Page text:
Thursday, July 22, 1999

Jack Nielsen, former head of floral businesses, dies

Jack Nielsen, former head of floral businesses, dies
The Ann Arbor News
By Pamela Appea

Jack Nielsen, co-founder and former president of Ann Arbor-based Nielsen’s Flowers & Greenhouses, died Sunday at home after a yearlong illnesses. He was 86.

Memorial services will be at 1 p.m. Wednesday at Muehlig Funeral Chapel, 403 S. Fourth Ave., Ann Arbor.

Remembered for his quiet and unassuming manner and his business acumen, Nielsen developed the retail side of the family business until his retirement in 1982.

Some associates recall thinking of Nielsen as the “white tornado: because of his light blond hair and high energy. Family members remember that he was difficult to keep up with in the store and on the way to buy fresh plants and flowers.

Nielsen also served as a charter member of the Pittsfield Township zoning Board of the Appeals in the late 1960s and early ‘70s. Remembering Nielsen as a natural leader in promoting environmental concerns during zoning ordinance planning, former township supervisor Robert Lillie described Nielsen as a “very fine man” when they were both involved with township service.

A native of Aarhus, Denmark, Nielsen came to the Untied States in 1925 at age 12 with his parents and two brothers.

After living in Des Plains, Ill., and Mt. Clemens, the family settled in Ann Arbor in 1934.
The greenhouse, originally known as Nielsen’s Flower Shop, is located at 1021 Maiden Lane. It is in its 65th year of business this year.

During World War II, the family business experienced some difficult times.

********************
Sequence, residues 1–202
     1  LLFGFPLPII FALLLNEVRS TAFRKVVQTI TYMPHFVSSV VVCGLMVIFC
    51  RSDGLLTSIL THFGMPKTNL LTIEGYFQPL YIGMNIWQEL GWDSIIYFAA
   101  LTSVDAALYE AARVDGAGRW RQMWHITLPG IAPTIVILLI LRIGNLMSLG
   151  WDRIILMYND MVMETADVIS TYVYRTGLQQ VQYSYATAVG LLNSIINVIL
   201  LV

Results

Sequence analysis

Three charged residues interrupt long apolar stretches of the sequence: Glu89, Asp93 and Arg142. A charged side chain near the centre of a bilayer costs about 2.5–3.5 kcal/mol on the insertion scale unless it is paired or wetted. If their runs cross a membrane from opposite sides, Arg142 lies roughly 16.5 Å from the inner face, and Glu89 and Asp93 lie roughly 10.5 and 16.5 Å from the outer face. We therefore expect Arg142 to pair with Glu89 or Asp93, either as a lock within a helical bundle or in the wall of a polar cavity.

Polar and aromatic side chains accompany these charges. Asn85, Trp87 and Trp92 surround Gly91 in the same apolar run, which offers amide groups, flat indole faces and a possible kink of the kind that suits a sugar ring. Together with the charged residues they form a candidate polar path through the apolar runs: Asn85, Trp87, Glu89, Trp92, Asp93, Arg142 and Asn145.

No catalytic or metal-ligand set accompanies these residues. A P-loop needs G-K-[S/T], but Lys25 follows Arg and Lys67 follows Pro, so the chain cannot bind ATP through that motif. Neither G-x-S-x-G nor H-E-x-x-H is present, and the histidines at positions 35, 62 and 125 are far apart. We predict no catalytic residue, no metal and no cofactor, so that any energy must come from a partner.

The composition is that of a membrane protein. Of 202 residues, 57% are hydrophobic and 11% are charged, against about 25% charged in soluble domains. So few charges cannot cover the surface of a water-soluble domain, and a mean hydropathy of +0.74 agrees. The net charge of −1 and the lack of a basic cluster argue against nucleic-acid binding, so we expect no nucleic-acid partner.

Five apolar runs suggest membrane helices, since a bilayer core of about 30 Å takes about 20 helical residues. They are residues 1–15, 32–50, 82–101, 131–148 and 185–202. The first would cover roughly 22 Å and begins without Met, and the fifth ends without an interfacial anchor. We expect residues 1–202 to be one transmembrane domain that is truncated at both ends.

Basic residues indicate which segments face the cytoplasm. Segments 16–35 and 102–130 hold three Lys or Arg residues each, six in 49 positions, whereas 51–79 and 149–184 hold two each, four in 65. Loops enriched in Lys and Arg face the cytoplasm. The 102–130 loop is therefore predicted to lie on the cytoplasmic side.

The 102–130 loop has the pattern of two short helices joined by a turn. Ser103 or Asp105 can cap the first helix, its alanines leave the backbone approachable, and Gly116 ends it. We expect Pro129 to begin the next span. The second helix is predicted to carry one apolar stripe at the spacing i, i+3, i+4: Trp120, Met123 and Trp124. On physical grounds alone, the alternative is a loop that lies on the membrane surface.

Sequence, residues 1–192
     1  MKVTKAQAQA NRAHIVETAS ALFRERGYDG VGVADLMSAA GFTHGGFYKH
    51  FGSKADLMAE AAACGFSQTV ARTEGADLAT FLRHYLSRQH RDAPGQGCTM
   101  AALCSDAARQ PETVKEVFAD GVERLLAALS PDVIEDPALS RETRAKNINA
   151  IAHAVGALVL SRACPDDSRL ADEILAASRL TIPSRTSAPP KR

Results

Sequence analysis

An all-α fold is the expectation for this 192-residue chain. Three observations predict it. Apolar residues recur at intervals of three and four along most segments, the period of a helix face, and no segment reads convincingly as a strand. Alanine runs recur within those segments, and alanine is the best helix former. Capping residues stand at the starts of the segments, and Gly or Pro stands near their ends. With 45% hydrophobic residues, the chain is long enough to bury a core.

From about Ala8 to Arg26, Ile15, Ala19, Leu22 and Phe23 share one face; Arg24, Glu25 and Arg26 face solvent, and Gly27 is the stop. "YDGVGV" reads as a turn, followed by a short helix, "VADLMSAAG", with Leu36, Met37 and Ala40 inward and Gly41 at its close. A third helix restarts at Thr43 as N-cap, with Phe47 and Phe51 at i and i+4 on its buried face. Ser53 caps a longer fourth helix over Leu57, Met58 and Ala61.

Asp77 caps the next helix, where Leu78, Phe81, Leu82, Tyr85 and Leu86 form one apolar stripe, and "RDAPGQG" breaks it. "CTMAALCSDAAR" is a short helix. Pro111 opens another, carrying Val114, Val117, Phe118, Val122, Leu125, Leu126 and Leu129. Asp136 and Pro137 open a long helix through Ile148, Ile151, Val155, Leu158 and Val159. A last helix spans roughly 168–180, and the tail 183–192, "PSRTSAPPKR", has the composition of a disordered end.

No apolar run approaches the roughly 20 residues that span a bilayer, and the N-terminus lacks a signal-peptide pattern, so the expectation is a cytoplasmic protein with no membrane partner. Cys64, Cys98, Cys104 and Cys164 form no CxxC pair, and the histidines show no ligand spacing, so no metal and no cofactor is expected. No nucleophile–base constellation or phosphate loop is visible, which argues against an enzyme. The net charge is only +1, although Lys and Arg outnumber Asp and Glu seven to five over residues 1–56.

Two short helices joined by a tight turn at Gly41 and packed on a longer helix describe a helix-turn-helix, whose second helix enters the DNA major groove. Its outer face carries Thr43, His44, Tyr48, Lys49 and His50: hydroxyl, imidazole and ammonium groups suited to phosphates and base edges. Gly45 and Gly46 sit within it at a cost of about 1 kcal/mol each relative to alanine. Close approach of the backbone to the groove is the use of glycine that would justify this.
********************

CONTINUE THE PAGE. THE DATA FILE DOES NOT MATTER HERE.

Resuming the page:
“People weren’t buying flowers then, obviously,” said Paul Nielsen, his son.

To compensate, Jack Nielsen converted some of the greenhouses to henhouses. He then raised chickens, donating thousands of eggs to the University of Michigan community for the war effort, said his daughter-in-law Diane Nielsen.

Nielsen, a traditional and reserved man, “always showed that he cared,” said Mary Ann Nielsen-Nisley. She remembers that her father was instrumental in encouraging her, along with siblings, to be involved with the family businesses and nature.

Nielsen devoted most of his time and energy to the greenhouse and flower shop, working seven days a week. He was president of Nielsen Flowers and Greenhouse from 1959 until 1982.
Inducted into the Ann Arbor Bowling Hall of Fame, Nielsen also enjoyed a long involvement with the Harness Horseman’s Association in Michigan.

Nielsen also is survived by a brother, Paul Nielsen of California; sons Frederick Nielsen and Larry Nielsen; nine grandchildren; and 5 great-grandchildren.

He was preceded in death by his wife of 50 years, Theresa, and his brother Brent F. Nielsen, who also worked at the family business.

Originally published Tuesday, June 22, 1999